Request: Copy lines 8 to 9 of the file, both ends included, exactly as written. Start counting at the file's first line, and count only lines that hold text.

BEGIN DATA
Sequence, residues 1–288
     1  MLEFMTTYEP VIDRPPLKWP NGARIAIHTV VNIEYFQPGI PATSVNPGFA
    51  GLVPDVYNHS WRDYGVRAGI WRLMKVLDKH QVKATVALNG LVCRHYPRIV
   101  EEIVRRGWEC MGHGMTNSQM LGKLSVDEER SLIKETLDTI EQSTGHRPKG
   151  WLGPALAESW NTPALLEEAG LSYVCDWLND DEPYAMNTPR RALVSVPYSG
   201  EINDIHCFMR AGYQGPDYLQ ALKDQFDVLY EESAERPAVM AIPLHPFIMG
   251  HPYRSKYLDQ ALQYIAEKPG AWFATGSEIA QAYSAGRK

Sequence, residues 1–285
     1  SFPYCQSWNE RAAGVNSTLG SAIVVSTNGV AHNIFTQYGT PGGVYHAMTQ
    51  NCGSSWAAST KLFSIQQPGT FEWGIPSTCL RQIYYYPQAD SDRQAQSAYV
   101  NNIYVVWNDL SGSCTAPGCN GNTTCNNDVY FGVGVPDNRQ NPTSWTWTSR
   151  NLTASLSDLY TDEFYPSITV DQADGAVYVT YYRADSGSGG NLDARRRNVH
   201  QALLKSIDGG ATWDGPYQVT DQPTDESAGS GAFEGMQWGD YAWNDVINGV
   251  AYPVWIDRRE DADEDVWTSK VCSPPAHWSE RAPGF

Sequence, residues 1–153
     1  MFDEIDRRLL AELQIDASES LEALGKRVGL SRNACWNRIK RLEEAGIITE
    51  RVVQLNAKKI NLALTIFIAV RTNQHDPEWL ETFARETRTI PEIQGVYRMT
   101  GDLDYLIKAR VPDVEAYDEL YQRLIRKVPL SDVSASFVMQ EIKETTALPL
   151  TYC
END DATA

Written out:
Sequence, residues 1–285
     1  SFPYCQSWNE RAAGVNSTLG SAIVVSTNGV AHNIFTQYGT PGGVYHAMTQ